Posted by RFL | Report as abusive

Chuck’s post is brilliant and right on the mark.

Posted by RFL | Report as abusive

Well said, Scott.

Posted by Steven Capozzola | Report as abusive

Quoting economist Martin Wolf (Financial Times, 060109): “The US and a number of chronic deficit countries have, at present, structurally deficient capacity to produce tradeable goods and services”. This has been the case for over twenty years so comparing 2009 US with that of the 1950-1980 period, when it had a strong positive trade balance , a strong dollar and a strong work ethic; is self-delusionary.
As a direct consequence of this inability; the US government and personal debt levels have progressively worsened to the point where the incoming President claims that “the US will have to run trillion dollar deficits for the foreseeable future” and consumers, who previously contributed to over 70% of US GDP, have been essentially bankrupted by unremitting debt accumulation. Thus the US has arrived at a point where the budget crisis can only remedied by a) improving its balance of trade and b) by reducing government expenditure. Both, not one or the other.
Improving the balance of trade via both increasing exports and decreasing imports will be a slow process, if it happens at all. US trade figures (BEA) for the most recent quarter show that the US imported four times more “Industrial supplies and materials” than it exported and seven times more “Consumer goods”. These figures are from November 2008 when the trade deficit fell by $10 billion. Most of this was due to a drop in the oil price and not due to the effects of the progressive devaluation of the USD by the US Treasury in an effort to improve exports. It should be noted that the total exports actually fell in November compared to October. So during a period when the USD was being deliberately devalued and consumers had lowered their expectations; the trade deficit was still $40.4billion or half a trillion annualised. Note also that as the world economy slow, US exports will continue to drop. Competitive currency devaluation has already started so letting the USD slide will backfire badly.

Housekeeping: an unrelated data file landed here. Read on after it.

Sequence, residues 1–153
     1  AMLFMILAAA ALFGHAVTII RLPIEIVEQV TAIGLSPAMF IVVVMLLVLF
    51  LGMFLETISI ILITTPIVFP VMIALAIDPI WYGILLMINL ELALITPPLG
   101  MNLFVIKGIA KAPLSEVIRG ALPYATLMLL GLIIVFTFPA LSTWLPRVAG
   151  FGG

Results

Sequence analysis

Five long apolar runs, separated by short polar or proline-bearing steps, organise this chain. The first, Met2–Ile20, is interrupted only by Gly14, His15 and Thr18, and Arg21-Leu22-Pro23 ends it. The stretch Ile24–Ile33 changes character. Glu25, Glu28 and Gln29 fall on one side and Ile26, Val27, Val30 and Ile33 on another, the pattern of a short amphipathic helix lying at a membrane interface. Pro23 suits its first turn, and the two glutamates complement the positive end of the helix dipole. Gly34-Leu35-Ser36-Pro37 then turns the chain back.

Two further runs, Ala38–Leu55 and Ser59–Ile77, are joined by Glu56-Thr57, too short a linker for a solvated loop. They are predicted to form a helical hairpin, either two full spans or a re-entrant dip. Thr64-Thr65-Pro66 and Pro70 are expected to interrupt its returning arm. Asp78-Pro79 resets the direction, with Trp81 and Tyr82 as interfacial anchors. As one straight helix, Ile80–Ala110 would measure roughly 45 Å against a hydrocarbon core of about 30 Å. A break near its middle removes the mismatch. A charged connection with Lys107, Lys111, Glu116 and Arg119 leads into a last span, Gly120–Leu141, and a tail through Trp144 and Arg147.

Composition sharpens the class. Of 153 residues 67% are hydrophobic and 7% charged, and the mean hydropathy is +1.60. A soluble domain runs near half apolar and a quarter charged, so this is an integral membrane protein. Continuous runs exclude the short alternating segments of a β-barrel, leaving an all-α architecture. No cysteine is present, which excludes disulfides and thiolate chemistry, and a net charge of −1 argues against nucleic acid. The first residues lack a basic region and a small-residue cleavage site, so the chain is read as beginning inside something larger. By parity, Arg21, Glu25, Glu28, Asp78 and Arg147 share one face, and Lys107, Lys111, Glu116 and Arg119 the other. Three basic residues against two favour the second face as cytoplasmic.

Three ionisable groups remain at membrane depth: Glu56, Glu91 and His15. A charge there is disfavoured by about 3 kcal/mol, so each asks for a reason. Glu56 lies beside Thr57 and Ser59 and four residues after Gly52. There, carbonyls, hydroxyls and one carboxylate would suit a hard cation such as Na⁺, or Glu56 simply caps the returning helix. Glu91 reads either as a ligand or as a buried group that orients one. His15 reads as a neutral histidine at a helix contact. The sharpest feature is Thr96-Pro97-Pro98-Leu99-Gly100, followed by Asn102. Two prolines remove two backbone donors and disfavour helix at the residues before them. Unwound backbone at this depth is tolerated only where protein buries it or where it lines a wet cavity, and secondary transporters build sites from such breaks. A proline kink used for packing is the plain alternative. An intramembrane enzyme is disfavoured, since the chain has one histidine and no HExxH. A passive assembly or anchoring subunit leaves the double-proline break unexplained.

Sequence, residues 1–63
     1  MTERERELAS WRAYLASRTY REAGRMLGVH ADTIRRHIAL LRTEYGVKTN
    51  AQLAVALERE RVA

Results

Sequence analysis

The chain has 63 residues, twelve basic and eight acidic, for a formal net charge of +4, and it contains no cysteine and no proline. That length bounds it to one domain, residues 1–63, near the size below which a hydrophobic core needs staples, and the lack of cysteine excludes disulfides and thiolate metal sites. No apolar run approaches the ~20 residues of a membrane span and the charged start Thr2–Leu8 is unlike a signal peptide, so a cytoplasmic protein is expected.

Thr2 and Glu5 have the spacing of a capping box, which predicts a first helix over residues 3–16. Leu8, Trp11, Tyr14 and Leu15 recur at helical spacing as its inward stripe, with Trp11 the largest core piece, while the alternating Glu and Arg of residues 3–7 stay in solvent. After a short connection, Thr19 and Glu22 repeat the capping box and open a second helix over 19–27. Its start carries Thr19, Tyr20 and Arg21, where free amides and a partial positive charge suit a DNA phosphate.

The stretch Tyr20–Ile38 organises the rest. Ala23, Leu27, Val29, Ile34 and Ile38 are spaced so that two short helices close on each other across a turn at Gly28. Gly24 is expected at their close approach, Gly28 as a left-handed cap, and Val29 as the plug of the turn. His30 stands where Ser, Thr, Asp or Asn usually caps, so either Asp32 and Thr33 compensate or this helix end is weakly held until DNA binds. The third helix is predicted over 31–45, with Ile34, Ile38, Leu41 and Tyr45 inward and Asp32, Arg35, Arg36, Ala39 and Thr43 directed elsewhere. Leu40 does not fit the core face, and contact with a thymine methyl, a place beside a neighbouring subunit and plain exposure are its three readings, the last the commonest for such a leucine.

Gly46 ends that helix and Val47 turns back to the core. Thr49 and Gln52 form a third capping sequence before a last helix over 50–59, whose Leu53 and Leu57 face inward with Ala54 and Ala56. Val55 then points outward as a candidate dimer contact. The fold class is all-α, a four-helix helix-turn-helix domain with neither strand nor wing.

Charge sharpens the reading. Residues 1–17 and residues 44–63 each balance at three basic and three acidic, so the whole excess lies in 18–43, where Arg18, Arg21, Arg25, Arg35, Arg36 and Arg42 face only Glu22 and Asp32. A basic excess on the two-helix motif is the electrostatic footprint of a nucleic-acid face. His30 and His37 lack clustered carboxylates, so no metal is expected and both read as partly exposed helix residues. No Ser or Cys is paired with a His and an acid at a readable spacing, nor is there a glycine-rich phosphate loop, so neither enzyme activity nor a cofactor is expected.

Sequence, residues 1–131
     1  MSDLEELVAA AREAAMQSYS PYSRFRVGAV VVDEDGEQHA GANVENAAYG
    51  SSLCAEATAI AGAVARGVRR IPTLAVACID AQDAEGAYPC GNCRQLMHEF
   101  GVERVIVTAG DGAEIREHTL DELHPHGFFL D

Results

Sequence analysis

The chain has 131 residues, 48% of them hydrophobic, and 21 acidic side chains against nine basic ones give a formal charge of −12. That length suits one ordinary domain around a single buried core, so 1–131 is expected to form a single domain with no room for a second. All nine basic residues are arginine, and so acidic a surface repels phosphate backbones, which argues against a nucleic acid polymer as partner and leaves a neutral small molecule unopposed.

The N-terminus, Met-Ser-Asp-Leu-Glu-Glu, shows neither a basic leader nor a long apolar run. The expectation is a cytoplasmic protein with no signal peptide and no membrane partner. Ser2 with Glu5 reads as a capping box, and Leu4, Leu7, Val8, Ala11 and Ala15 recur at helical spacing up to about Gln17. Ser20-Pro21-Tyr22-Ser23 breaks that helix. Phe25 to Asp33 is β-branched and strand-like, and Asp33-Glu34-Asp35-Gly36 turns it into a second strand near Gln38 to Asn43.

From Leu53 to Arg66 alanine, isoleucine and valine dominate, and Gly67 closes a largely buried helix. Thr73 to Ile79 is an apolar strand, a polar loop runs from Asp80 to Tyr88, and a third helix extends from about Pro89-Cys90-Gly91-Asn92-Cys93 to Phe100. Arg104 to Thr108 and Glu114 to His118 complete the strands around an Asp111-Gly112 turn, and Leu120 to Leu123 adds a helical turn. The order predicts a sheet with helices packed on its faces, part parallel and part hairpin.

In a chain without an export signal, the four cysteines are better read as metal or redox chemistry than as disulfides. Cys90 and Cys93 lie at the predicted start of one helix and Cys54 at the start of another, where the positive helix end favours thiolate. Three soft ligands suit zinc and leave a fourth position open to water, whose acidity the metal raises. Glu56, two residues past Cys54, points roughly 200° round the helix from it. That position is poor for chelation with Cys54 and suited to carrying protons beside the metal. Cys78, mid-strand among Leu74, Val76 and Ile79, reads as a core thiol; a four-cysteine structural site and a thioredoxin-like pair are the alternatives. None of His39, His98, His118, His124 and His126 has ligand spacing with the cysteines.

The noises coming out of the US Congress suggest that some form of Smoot-Hawley protectionism is being contemplated. This would be counter-productive as the US would be attacking the very countries that are, so far, providing the trillions of dollars to US so it can try and balance its budget e.g. China, OPEC, EU, Japan. All countries with the largest trade surpluses with the US.